Climate Action

Saudi Arabia plans gigantic $200 billion solar project

Saudi Arabia last week announced plans to work with Japanese-based SoftBank to build a massive solar project in the desert, which could be worth up to $200 billion.

  • 03 April 2018
  • Adam Wentworth

Saudi Arabia last week announced plans to work with Japanese-based SoftBank to build a massive solar project in the desert, which could be worth up to $200 billion.

The unprecedented project will vastly increase Saudi Arabia’s renewable energy capacity, which remains small despite the country’s large supply of sunshine.

The deal means up to 200 gigawatts (GW) of solar power could be built within the Kingdom by 2030, an amount which would vastly dwarf current projects. The largest solar farms to date are between 1-2GW.

Crown Prince Mohammad bin Salman signed the agreement with SoftBank’s Chief Executive Masayoshi Son. It forms part of Saudi Arabia’s Vision 2030, intended to diversify the economy away from its traditional reliance on oil.

The Kingdom announced earlier this year plans to tender for 4 gigawatts of renewable power this year alone, a mixture of solar and wind farms. The UK and Saudi Arabia also signed a clean energy agreement in February to help share knowledge and expertise in order to accelerate the low-carbon economy.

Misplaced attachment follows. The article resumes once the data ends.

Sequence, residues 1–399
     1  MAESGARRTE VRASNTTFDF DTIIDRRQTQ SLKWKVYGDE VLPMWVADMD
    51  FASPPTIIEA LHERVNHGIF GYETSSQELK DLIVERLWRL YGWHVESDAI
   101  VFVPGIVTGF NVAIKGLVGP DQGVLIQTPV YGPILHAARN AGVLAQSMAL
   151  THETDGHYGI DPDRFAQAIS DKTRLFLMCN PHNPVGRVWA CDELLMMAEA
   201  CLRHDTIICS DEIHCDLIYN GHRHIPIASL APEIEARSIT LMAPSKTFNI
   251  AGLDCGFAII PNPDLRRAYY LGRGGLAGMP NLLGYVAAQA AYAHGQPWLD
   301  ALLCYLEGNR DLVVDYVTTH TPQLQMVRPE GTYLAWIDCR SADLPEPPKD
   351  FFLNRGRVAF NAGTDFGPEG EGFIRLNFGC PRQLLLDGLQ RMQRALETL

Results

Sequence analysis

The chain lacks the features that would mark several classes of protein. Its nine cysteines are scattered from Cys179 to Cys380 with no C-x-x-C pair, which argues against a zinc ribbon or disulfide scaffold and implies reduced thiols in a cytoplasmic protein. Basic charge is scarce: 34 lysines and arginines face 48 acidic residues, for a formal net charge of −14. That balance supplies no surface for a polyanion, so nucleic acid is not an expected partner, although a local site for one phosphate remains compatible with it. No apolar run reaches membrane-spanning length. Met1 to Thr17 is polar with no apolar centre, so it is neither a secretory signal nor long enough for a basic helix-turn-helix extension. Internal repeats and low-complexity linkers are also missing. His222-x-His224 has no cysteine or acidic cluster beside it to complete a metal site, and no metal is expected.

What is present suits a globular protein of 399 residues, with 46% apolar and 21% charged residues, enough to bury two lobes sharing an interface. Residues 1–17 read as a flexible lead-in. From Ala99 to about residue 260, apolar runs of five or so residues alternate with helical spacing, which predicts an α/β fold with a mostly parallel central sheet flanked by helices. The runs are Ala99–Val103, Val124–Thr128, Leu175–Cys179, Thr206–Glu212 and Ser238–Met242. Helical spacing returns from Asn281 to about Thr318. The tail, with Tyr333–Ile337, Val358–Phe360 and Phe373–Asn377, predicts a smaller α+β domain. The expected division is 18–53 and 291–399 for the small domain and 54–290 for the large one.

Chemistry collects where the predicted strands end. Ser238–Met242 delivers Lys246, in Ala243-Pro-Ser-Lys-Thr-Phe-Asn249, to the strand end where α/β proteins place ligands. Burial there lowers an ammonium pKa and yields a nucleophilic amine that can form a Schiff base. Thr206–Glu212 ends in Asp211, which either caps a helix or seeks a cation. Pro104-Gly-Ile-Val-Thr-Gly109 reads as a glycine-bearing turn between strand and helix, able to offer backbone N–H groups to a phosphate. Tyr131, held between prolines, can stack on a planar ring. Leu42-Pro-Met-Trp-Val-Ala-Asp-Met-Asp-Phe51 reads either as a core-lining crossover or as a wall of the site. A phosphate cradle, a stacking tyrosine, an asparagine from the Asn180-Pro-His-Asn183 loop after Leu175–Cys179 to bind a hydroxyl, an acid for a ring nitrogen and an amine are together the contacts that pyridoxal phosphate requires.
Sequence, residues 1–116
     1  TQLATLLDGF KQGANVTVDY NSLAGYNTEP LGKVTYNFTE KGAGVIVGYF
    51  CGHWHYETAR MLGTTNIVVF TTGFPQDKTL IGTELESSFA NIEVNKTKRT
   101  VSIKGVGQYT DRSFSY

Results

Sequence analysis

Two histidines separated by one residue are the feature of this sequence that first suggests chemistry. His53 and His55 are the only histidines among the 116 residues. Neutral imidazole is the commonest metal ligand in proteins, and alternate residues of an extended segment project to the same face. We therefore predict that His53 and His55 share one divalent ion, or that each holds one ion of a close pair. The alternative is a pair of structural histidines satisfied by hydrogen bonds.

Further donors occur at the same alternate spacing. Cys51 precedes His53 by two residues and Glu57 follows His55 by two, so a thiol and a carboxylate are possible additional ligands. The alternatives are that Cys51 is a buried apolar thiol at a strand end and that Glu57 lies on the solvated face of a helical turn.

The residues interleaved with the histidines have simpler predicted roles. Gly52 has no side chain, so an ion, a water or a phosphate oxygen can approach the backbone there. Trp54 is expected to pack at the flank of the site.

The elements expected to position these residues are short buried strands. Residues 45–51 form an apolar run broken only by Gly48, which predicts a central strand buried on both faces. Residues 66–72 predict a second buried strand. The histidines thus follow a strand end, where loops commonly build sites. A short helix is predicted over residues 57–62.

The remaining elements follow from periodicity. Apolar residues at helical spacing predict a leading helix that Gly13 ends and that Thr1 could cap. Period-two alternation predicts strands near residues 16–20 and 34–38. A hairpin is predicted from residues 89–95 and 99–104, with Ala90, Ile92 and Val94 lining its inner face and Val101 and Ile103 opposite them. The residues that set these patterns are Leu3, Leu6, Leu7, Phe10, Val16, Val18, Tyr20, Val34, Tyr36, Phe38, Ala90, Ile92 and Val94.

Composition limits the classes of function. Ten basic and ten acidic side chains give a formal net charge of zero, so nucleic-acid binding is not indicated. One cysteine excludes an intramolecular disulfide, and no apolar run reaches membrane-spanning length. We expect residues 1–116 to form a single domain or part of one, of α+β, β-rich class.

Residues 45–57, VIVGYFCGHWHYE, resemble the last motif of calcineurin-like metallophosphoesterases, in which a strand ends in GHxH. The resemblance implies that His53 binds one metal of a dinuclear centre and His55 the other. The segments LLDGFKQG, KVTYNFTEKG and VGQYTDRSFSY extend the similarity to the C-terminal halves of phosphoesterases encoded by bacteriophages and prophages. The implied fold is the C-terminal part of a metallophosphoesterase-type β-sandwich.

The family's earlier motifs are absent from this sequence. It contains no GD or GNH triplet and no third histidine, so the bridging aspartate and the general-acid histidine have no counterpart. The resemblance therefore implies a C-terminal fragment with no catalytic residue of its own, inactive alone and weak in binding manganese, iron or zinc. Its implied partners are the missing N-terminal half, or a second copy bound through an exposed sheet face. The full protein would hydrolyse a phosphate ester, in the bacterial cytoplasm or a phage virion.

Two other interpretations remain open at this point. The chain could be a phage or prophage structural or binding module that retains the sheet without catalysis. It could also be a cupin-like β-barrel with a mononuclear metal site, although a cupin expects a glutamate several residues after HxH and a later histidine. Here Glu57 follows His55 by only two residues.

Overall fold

“It’s a huge step in human history,” Prince Mohammed said of the new deal. “It’s bold, risky and we hope we succeed doing that.”

While the current agreement is only a Memorandum of Understanding, Mr Son told reporters that the first phase of the project will amount to 7.2 GW and cost $5 billion.

“The kingdom has great sunshine, great size of available land and great engineers, great labor, but most importantly, the best and greatest vision”, he said, according to Reuters.

According to data from Bloomberg, the 200 GW project would triple Saud Arabia’s entire electricity capacity, meaning it would become a net exporter of renewable power.

“SoftBank seeks investment and Saudi needs energy, so it may make sense to sort the financing out in a large block and then separately hammer out the phases and the technical details,” said Jenny Chase, head of solar analysis at Bloomberg New Energy Finance.